Prostate cancer is classified as an adenocarcinoma, or glandular cancer, that begins when normal semen-secreting prostate gland cells mutate into cancer cells. The region of prostate gland where the adenocarcinoma is most common is the peripheral zone. Initially, small clumps of cancer cells remain confined to otherwise normal prostate glands, a condition known as carcinoma in situ or prostatic intraepithelial neoplasia (PIN). Although there is no proof that PIN is a cancer precursor, it is closely associated with cancer. Over time these cancer cells begin to multiply and spread to the surrounding prostate tissue (the stroma) forming a tumor. Eventually, the tumor may grow large enough to invade nearby organs such as the seminal vesicles or the rectum, or the tumor cells may develop the ability to travel in the bloodstream and lymphatic system. Prostate cancer is considered a malignant tumor because it is a mass of cells which can invade other parts of the body. This invasion of other organs is called metastasis. Prostate cancer most commonly metastasizes to the bones, lymph nodes, rectum, and bladder.
Normal prostate (A) and prostate cancer (B). In prostate cancer, the regular glands of the normal prostate are replaced by irregular glands and clumps of cells, as seen in these pictures taken through a microscope.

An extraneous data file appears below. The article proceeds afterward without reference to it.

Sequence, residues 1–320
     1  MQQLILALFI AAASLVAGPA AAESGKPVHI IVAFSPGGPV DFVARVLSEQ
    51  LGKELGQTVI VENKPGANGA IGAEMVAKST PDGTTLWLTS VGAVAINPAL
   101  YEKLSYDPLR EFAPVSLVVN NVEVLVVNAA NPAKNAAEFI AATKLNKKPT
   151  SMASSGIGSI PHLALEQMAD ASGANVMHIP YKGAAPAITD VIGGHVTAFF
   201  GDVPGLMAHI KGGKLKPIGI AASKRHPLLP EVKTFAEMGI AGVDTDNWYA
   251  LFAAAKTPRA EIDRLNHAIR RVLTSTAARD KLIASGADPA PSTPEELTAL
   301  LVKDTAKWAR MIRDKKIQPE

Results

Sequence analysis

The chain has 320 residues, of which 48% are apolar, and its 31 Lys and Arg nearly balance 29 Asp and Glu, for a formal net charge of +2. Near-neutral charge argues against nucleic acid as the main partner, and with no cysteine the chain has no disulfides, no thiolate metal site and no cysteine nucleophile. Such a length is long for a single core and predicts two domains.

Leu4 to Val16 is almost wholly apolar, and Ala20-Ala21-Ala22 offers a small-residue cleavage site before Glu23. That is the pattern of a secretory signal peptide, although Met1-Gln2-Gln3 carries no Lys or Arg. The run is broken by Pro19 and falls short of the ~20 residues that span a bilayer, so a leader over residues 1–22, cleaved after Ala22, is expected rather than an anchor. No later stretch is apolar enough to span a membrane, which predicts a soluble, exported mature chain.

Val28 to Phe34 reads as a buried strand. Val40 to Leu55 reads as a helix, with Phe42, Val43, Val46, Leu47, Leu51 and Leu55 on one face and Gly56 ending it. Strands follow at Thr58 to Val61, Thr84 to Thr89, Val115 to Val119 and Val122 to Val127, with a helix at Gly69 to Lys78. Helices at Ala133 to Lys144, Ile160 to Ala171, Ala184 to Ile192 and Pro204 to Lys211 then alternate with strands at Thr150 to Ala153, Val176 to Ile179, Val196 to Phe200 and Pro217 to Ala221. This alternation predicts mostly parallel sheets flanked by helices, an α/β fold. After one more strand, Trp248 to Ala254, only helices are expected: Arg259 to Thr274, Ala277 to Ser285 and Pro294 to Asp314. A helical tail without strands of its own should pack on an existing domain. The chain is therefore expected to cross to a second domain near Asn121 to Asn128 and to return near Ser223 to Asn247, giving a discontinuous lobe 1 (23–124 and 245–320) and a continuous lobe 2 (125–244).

When a man has symptoms of prostate cancer, or a screening test indicates an increased risk for cancer, more invasive evaluation is offered.
The only test which can fully confirm the diagnosis of prostate cancer is a biopsy, the removal of small pieces of the prostate for microscopic examination. However, prior to a biopsy, several other tools may be used to gather more information about the prostate and the urinary tract. Cystoscopy shows the urinary tract from inside the bladder, using a thin, flexible camera tube inserted down the urethra. Transrectal ultrasonography creates a picture of the prostate using sound waves from a probe in the rectum.
On June 5, 2009 I got the result of a biopsy diagnosing cancer in the left lobe with a Gleason grade of 3+4 = Score of 7, present in 5 of 5 cores, involving 60% of needle core tissue, and measuring 38 MM in length. Doctor noted the Stage as T2 with N0 and M0 because there have been no tests or biopsy to determine these (Node & Metastasis)
So, yes, I do have prostate cancer. It gets way complicated from here. At this point it is an “Intermediate” stage but I haven’t had any tests that will confirm or deny if Nodes are involved or Metastasis (spread). At this point the prognosis is good with nearly 100% “cure” rate if it is caught early enough. There are a variety of treatments and tests to choose from so if we caught it early enough and if it has not spread I have a good chance to get through this OK.